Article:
When the Mailman Is Late
Cracks are really just spiders in disguise. They fool everyone except for me, because I see things for what they are. How raindrops are intruders and feelings are illusions, but people learn to love both because they think they have to. I’m not one of those people. Someone has to see the absolute truth in everything.
It’s my gift, my curse, that aching itch in the back of my throat just past my ear that I can never scratch, just swallow again and again and again until it’s smoothed over for the moment. My dad always tries to get me to take the drugs the doctor with the fuzzy hair gave me, but little orange bottles are tyranny and pills are just excuses, so we live in peace in a broken little home where the grass is too long and the old cassette tapes move themselves in the night.
I take breakfast at 5:00 a.m. Square bread with discarded crusts, toasted with no butter. If it’s late then there’s no telling what could happen. Maybe the decaying shingles will fall from the roof one by one, maybe they’ll shatter the windows or hit a pipe, maybe the bathroom will flood or a bedroom, maybe no one will help us, maybe we just won’t wake up one day. The coffee has to be black because what if the milk corrupts the proportions? What if I think I’m drinking caffeine, but really it’s just mostly milk and I’ve been lying to myself? I would never lie to myself. It would be wrong and might cause my organs to fail or my father’s. Or maybe the tree leaning towards the house might decide to fall. No, lying would offset the carefully constructed balance that keeps everything in its place. Lying would cause my whole life to crumble.
I wash the table five times before I eat there. I like the number five; it sounds good rolling off my tongue. It sounds right, like if the rag wipes over the wood five times then the neighbor’s cat won’t climb too high in the tree and worms won’t wiggle their way into my bed. I used to like the sound of four and before that three. It was even one once, but five is better, five almost feels good, but maybe six might be the best.
The plate has to be twisted at a forty-five degree angle and the coffee cup at ninety degrees; as long as it’s that way, there won’t be an earthquake. My feet are firmly on the floor when I take my first bite, so that the car doesn’t break down. I would eat with my father, but he always gets it wrong. Can’t he feel when he’s teetering over a line that can’t be uncrossed? After all, failing is always purposeful because success always feels like luck. I don’t like it when he tries to talk to me. Talking doesn’t create change; it just makes you feel bad for not changing. He doesn’t understand, but I wish he would, because how can you not break something when you don’t understand it?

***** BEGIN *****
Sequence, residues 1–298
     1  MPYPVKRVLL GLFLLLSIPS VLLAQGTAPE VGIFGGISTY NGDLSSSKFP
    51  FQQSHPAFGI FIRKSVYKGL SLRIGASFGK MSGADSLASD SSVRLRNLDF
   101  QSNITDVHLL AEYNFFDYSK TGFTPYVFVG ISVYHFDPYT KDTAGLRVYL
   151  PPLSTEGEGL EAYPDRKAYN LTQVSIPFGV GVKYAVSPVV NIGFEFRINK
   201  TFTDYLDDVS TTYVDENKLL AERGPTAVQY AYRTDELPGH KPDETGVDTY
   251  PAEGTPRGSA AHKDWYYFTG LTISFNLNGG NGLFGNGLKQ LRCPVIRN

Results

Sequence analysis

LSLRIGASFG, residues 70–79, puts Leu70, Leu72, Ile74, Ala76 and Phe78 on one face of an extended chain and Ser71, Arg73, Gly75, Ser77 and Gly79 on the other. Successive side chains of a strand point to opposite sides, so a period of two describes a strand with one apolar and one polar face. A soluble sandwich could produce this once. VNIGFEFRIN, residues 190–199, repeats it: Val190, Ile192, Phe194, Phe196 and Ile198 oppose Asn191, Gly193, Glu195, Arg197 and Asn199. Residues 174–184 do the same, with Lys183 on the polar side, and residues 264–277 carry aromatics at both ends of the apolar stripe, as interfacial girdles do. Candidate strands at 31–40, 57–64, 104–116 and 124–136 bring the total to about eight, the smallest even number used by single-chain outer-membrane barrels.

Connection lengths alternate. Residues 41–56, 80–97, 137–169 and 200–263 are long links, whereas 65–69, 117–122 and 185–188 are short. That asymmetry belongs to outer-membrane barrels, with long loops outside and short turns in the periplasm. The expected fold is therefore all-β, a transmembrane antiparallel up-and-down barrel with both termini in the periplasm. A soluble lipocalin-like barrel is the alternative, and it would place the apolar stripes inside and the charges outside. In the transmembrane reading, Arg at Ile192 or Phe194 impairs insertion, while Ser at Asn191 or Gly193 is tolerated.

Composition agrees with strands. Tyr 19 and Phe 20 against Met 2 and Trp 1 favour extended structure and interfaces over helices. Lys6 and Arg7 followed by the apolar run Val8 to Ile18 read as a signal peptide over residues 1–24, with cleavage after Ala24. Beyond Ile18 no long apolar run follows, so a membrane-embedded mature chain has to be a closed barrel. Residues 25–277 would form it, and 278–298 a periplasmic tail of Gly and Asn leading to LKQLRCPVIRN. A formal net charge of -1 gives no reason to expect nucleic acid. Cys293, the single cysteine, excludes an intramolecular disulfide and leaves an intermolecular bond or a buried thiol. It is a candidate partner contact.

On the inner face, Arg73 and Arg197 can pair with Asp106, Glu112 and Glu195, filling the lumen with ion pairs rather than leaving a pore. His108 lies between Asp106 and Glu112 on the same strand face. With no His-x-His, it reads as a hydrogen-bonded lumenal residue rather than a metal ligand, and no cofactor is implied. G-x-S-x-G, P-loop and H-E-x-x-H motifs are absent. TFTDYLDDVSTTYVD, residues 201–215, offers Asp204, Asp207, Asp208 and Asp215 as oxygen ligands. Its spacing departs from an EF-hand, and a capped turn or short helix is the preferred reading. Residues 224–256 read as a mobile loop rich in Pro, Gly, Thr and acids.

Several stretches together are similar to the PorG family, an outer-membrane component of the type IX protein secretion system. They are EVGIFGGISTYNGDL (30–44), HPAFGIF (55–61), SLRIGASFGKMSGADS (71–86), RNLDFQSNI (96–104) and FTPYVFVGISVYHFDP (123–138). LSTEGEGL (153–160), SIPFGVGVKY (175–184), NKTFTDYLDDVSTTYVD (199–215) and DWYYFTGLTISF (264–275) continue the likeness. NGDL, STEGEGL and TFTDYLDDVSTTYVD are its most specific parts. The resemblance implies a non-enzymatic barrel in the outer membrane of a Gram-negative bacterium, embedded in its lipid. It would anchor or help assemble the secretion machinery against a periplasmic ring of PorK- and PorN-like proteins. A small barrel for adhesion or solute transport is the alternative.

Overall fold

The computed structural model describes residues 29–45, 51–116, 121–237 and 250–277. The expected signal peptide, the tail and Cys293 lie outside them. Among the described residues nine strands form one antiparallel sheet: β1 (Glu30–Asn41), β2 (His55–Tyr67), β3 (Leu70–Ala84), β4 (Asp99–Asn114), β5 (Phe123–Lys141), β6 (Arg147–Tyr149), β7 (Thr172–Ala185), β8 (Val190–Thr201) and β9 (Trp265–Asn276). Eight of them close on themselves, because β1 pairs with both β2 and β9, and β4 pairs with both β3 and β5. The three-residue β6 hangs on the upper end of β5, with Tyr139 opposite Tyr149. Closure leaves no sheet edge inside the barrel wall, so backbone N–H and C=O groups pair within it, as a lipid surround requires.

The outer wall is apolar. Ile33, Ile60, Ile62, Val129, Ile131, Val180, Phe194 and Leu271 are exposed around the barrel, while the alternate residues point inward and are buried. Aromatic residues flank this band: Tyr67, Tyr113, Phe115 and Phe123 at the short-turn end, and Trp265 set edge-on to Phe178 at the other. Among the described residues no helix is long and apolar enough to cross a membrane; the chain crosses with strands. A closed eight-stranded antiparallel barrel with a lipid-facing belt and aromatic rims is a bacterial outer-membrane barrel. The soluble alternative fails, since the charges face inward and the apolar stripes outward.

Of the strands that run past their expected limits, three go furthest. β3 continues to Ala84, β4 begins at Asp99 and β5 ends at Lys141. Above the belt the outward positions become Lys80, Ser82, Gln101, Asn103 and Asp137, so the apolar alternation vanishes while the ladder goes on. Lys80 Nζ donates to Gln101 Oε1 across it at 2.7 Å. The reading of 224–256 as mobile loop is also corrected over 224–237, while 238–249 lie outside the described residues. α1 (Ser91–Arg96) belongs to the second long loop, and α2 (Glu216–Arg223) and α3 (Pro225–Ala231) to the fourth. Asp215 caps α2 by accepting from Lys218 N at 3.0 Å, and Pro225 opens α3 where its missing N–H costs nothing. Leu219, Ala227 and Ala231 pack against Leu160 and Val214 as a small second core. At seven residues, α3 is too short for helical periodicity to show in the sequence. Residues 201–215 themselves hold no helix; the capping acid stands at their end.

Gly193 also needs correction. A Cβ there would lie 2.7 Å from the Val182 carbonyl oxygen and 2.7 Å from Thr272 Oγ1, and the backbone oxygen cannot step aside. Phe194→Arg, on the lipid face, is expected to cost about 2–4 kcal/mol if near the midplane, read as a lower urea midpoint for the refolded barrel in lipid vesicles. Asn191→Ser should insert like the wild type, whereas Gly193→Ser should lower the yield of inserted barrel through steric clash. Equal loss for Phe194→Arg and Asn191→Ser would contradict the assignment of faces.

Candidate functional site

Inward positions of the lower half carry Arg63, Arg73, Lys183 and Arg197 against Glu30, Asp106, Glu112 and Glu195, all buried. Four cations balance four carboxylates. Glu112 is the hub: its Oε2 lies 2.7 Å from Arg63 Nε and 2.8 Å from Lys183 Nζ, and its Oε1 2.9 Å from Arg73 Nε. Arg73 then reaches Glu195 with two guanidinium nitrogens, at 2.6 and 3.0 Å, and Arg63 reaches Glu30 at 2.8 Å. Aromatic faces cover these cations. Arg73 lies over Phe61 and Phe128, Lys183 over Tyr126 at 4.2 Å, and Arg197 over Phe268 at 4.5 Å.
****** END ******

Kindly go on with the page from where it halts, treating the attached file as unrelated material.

He takes breakfast in his room. I can’t go near his room. Things are always moving: books on the desk end up on the floor, sheets are never straight, and the door always seems locked, but if you don’t check it once, twice, six times, can you really be sure? He works from home on a little laptop, hunched over all day. I check on him seven times to make sure he’s still there. If he runs, his mess, litter, and pollution will drag me with him, and our house will crumble. There will be nothing to come back to.
“Dad.” I stand with my back to the wall outside his door looking directly at the opposite wall without blinking. The toe of my right foot is pointed east and my left foot is pointed north. The three second delay we agreed on ensues.
“Yes?” he replies, his voice annoyingly hoarse. He should clear his throat or else maybe the little particles will continue to grow until he can’t breathe.
“Clear your throat,” I tell him, though he should know what could happen.
He clears his throat.
“Again,” I tell him.
He does it again. “What do you need?”
“The mailman is late,” I say to the opposite wall.
“Maybe he got stuck in traffic.”
My dad sounds exhausted. I know how he feels; surviving is exhausting, but that doesn’t mean we should stop. “No. He’s always here at 8 a.m.” I talk to the wall again.
“Maybe he took a different route today. I’m sure he’s still coming.” The hoarseness is coming back.
“It’s not supposed to be different. He’s late. I think he’s dead,” I say fervently. There can be no accidents in life. Without the big picture, the little pictures wouldn’t make sense.
“He’s not dead.” My dad sighs.
My dad with his nice enough ways, except for his inability to comprehend what is right in front of his face. “You don’t know that,” I reply. We are past the days when he can comfort me and tell me all the things he knows so that I don’t have to worry about them. I now know the difference between what someone knows and what they think they know.
“You don’t know that he’s dead either,” my dad says with a little more enthusiasm.
“But he’s late,” I explain again.
“Okay so he’s late,” my dad says. “What do you want me to do about it?”
“I want you to call the mail company and tell them that he’s late.” Sometimes speaking to my dad is like speaking to a child.
“Fine, how late is he?” My dad seems to be scratching his head.
I check my watch. “Exactly fifty-nine seconds,” I say, slowly as the numbers keep rattling by.
“Oh, for the love of…” my dad begins.
“No!” I yelp. “You can’t swear.”
“I wasn’t going to swear, I was just going to say…”
“No, no, no, no, no, no, no, no, no!” I seal my hands around my ears. Sometimes the oceans in my mind get loud, tossing worries like waves that wash away all the things I need to make sense.
“Okay, I won’t say anything,” my dad says.
“You can’t swear or else I’ll have to put salt over all the window panes and then that would mess with the ergodynamics of the wood.” I’m starting to ramble a little, but how could he not understand how important this is? I’ve only told him two hundred and forty-one times.
“Okay, okay, you win.” My dad groans. “I have work to do now, so run along.”